The nation is made up of small farmers. Although only 30 percent of the mountainous land is arable, more than 40 percent is worked. Slash and burn agriculture, along with deforestation, has left the land susceptible to erosion, causing landslides and mudslides. The primary crops grown today are sugarcane, cocoa, coffee and mangoes. Imports come mainly from the United States and include many staple ingredients, like rice, beans and flour. Food is energy but energy is required to make food, which in Haiti, has historically come from coal and firewood. This too has contributed to the deforestation problem. However, there has been a recent push to get clean energy to the people, in the form of natural gas.
A tectonic fault line runs right through the heart of this island causing frequent and sometimes devastating earthquakes. The most recent major earthquake was in 2010, where in one day, 300,000 people died and over two million people were displaced. It additionally caused catastrophic damage to the already poor infrastructure. This tropical island also lies in the direct path of hurricanes. Despite these conditions and obstacles, the Haitians are a strong and resilient people.
The people are still waiting and hoping for an all important, non-corrupt, governmental leadership to emerge. The politics of this country were dominated for decades by the initially popular, but subsequently brutal, dictator known as, “Papa Doc” and then succeeded by his son, known as, “Baby Doc.” This family ruled the country from 1957 until 1991 with no regard for the people. Even though there have been elections and new leaders have come and gone, the Haitian people are tired of government corruption. A tell-tale sign of the frustration of the Haitian people was exhibited during the earthquake, when the people cheered as the Presidential palace collapsed. Now they just hope whoever comes next will look after their tourism, education, infrastructure and most importantly, the hard working people of Haiti.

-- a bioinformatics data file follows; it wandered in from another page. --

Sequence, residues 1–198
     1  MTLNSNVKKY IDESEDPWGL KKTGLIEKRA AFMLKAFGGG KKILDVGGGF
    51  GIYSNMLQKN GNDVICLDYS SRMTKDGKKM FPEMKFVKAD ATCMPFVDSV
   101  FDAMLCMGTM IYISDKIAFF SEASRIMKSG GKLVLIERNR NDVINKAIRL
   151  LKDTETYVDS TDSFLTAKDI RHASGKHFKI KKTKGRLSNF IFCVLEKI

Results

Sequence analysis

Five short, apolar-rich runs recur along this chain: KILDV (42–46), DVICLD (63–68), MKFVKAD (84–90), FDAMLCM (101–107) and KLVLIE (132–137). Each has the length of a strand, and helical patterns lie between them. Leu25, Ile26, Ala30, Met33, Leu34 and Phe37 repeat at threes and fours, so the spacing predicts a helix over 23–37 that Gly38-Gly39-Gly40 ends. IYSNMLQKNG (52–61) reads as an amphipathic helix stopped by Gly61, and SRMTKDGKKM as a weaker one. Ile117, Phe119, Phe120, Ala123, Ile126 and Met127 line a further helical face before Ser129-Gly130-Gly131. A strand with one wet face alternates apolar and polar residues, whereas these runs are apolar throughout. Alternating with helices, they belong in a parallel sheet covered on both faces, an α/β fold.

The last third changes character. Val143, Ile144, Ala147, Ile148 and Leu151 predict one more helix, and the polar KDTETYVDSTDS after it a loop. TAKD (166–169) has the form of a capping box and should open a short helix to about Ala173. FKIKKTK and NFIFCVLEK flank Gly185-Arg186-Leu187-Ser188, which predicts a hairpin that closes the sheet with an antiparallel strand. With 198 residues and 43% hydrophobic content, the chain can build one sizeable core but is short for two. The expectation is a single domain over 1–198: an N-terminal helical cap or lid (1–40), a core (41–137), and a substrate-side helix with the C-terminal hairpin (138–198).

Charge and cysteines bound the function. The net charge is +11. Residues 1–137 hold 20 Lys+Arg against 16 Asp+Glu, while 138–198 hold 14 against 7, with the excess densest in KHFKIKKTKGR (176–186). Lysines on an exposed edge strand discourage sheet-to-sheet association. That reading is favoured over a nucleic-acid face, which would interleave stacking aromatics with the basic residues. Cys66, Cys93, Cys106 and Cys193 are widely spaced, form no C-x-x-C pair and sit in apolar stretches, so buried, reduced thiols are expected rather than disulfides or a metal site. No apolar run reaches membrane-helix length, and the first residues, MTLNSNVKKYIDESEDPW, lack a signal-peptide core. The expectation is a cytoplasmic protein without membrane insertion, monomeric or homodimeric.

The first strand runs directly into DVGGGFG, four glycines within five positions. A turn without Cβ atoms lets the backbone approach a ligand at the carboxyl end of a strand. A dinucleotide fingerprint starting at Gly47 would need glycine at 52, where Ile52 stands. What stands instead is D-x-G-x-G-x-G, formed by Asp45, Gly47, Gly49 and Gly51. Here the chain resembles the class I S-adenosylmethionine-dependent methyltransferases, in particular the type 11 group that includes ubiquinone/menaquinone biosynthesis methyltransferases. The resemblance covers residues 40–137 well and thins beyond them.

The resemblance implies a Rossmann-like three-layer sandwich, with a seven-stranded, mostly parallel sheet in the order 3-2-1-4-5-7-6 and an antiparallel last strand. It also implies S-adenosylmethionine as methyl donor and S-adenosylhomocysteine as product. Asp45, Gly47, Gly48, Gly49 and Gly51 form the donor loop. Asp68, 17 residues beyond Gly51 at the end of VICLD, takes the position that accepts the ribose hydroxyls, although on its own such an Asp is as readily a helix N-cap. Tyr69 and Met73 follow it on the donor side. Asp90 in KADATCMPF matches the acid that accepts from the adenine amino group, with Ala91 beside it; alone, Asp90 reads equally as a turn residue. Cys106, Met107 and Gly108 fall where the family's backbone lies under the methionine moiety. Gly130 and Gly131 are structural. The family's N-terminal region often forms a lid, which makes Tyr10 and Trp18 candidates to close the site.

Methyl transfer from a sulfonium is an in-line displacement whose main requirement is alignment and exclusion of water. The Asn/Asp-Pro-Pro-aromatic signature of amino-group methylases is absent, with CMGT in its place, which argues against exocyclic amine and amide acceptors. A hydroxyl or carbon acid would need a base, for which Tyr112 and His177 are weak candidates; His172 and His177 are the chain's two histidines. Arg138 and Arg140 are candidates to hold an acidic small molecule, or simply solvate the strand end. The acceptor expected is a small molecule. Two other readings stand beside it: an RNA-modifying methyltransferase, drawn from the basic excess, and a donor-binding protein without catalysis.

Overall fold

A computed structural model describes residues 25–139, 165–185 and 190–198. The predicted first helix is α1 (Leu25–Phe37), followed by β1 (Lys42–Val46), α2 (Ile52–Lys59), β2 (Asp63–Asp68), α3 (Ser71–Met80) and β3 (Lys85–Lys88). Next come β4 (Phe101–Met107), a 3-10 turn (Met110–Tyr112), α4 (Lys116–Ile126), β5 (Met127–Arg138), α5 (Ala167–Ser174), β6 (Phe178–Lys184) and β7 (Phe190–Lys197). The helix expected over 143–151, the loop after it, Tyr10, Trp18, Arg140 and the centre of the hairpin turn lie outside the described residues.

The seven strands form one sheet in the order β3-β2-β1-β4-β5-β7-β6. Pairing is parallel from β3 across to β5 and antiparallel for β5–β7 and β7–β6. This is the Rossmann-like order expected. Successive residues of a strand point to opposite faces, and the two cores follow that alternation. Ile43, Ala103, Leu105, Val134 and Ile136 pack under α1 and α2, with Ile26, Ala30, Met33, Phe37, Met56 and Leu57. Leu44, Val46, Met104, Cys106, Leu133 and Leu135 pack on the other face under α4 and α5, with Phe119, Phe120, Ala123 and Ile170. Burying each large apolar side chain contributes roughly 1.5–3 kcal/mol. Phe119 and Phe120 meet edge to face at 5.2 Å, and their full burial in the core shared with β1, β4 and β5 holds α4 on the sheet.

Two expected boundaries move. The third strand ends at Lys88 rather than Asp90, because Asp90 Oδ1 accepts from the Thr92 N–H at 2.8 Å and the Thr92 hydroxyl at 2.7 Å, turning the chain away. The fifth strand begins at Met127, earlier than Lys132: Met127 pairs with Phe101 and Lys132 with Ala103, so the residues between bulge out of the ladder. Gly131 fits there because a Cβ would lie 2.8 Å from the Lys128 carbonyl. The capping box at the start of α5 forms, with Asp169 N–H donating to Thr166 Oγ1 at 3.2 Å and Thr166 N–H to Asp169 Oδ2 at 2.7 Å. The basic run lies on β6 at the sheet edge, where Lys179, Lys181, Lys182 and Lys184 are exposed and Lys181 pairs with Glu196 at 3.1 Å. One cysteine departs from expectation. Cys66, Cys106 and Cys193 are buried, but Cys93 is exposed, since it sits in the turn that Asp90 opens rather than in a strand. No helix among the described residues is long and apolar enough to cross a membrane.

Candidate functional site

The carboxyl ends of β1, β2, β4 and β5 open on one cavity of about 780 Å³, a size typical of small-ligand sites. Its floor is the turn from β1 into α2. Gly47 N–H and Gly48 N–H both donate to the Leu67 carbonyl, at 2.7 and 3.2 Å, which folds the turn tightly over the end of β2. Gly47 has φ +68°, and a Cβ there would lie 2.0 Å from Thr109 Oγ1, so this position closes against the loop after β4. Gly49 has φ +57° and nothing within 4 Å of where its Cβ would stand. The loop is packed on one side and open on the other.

Haiti received massive aid after the devastating earthquake in 2010. Unfortunately, it is believed that most of the funds were misused and there still remains much work left undone. Even the United Nations, who brought in relief workers to help, ended up causing more problems for Haiti by introducing the cholera outbreak. That said, there are reputable charity organizations still working diligently to help the Haitians. The actor, Sean Penn, has one such organization, called JPHRO, which appears to be doing excellent work in the country. He is committed to be there for the long haul. This is what he said about the people of Haiti, “You can feel the potential for growth and change, it is palpable. They simply need a chance.”